Draft Projection: Top Ten
AJ Epenesa (Defensive Line):
Measurables: 6’5, 275 lbs.
40 Yard Dash: 5.04 seconds
Bench Press: 17 reps
Broad Jump: 17 inches
Vertical Jump: 32.5 inches
Three Cone Drill: 7.34 seconds
The writing of this draft profile was inevitable as soon as Epenesa announced his commitment to Iowa. One of the most decorated high school recruits to sign with the Hawkeyes in decades, Epenesa wasted no time getting on the field, and even recorded a sack in the first game of the season his true freshman year. This proved to be a strong predictor of things to come, as the talented defensive end racked up 36 tackles for loss and 26.5 sacks over the course of his career.
Epenesa wasn’t a starter for his first two years on campus but followed up an All-Conference caliber sophomore campaign by blossoming into an undeniable superstar as a junior. While Epenesa was slow to adjust to the increased focus from opposing offenses in the early stages of the 2019 campaign, he learned how to overcome this pressure by the end of the season, totaling eight sacks in his final five games despite playing some of his most difficult competition during that stretch. That Epenesa managed to improve both his tackle and sack numbers between his sophomore and junior year despite being the primary target of opposing linemen is frankly remarkable and speaks highly of his resourcefulness and ability to overcome adversity.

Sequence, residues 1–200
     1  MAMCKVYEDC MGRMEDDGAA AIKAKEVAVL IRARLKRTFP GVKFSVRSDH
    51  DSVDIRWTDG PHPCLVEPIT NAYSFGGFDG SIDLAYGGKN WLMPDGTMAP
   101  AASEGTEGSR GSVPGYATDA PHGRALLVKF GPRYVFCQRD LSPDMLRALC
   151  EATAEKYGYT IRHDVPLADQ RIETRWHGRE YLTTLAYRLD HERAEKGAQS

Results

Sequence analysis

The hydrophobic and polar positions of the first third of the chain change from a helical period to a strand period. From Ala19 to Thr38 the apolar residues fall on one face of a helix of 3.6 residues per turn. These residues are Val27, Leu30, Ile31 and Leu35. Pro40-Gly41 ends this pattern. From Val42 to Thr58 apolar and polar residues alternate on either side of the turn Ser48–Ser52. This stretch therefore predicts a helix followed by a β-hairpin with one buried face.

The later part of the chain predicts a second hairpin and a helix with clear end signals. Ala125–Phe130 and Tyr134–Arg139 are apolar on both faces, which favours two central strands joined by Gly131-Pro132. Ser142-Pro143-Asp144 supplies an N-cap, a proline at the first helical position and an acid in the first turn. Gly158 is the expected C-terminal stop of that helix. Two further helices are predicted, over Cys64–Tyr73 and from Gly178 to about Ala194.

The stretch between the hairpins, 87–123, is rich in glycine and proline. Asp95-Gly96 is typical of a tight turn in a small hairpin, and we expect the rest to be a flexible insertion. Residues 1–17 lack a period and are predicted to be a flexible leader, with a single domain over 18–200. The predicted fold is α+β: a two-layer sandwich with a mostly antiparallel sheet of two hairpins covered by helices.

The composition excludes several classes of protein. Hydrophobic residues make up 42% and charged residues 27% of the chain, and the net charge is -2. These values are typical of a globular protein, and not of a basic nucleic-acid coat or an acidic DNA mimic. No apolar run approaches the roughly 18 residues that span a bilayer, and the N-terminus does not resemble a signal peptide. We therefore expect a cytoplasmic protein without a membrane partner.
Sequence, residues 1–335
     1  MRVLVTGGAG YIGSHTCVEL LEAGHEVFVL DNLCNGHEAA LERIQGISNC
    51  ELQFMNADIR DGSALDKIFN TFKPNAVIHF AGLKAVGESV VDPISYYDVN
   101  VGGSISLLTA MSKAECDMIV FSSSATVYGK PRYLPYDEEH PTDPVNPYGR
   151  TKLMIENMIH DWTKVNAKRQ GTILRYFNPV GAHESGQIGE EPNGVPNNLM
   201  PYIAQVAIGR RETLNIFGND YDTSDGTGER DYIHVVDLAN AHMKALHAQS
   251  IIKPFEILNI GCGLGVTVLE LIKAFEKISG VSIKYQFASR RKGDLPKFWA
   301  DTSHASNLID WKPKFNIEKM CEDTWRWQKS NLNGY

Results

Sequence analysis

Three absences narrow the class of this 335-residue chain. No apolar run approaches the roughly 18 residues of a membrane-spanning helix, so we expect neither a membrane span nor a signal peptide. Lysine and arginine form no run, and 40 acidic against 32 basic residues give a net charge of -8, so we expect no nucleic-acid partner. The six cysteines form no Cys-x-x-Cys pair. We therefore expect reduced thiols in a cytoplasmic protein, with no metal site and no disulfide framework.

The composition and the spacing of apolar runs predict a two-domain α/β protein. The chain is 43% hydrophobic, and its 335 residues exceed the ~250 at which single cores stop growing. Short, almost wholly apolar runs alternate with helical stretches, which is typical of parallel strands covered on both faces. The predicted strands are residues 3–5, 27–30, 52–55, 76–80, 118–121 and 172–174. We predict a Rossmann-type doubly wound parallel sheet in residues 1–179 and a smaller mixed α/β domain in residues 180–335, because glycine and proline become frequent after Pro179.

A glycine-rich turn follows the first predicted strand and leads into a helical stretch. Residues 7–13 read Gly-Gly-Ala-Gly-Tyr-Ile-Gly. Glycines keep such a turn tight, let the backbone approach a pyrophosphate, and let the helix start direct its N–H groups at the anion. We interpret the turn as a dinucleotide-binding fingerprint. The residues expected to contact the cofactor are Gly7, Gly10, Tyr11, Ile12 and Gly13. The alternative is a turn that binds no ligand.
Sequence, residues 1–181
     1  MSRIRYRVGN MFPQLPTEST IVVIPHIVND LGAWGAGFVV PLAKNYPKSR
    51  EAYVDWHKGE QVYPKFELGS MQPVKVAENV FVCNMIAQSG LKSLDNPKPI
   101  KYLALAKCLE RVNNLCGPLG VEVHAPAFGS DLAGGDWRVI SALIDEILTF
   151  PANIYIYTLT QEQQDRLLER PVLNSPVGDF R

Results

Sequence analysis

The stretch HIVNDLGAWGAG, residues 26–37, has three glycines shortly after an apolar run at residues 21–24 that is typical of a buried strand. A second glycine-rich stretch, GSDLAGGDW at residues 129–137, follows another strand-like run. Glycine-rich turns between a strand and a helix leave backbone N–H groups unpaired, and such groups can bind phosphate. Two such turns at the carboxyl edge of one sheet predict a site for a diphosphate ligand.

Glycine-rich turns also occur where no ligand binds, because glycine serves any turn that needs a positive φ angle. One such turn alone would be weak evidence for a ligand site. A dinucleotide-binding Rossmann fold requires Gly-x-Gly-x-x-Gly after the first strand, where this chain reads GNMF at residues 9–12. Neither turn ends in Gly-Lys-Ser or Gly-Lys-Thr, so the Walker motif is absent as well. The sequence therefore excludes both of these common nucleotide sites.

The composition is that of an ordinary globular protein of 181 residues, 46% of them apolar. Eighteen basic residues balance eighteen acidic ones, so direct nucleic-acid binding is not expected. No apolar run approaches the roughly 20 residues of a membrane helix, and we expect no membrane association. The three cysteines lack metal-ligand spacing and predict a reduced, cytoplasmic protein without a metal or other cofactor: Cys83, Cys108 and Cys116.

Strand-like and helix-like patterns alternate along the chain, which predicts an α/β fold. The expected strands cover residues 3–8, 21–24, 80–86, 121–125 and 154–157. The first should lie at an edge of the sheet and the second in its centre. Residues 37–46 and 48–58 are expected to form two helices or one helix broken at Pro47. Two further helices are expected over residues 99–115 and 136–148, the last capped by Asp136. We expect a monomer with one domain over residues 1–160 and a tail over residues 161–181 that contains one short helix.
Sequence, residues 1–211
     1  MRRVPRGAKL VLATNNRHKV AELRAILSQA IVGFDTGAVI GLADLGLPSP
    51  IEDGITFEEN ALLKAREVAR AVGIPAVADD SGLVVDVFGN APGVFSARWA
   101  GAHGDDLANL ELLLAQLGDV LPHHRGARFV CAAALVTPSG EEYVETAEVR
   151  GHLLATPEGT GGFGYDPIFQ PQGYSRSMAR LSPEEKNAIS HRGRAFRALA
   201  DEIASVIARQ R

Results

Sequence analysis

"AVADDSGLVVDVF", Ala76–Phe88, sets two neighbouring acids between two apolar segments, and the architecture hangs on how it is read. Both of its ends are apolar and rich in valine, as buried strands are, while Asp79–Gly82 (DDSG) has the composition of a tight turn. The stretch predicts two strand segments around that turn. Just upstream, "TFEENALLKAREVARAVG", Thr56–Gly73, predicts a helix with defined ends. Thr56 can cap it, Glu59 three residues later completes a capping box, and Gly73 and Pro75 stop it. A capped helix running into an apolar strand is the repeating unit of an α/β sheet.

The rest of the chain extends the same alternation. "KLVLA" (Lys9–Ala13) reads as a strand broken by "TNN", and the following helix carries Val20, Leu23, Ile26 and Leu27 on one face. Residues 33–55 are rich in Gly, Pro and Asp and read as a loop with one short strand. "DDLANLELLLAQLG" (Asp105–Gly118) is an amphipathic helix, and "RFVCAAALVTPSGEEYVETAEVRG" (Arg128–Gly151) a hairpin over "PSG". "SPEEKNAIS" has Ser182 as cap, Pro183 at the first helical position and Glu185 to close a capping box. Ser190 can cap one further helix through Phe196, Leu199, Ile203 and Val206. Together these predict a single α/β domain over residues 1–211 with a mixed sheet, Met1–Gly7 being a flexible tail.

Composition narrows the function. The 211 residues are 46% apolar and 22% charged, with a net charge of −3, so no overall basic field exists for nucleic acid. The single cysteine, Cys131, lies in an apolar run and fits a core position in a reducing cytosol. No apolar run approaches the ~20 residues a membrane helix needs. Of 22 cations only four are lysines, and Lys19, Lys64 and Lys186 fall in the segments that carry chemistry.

After a strong season which saw him earn both All-Big Ten and All-American honors, Epenesa surprised many draftniks with his somewhat pedestrian combine numbers. His 40-yard dash time was slower than one would expect from a supposedly elite edge rusher, and one analyst even went so far as to call his combine performance, “extremely alarming.” With NFL teams increasingly putting a premium on finding speed around the edge, Epenesa’s workout raised some questions about his ability to consistently generate pressure on the quarterback. His questionable ability to matchup against the quicker tackles in the league, combined with his occasional struggles against double-teams, could depress his stock a bit.